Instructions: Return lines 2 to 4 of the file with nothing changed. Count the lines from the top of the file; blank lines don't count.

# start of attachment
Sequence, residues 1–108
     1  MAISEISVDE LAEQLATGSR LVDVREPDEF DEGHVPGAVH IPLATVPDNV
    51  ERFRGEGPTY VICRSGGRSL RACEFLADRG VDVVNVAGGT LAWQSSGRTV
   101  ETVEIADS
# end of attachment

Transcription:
     1  MAISEISVDE LAEQLATGSR LVDVREPDEF DEGHVPGAVH IPLATVPDNV
    51  ERFRGEGPTY VICRSGGRSL RACEFLADRG VDVVNVAGGT LAWQSSGRTV
   101  ETVEIADS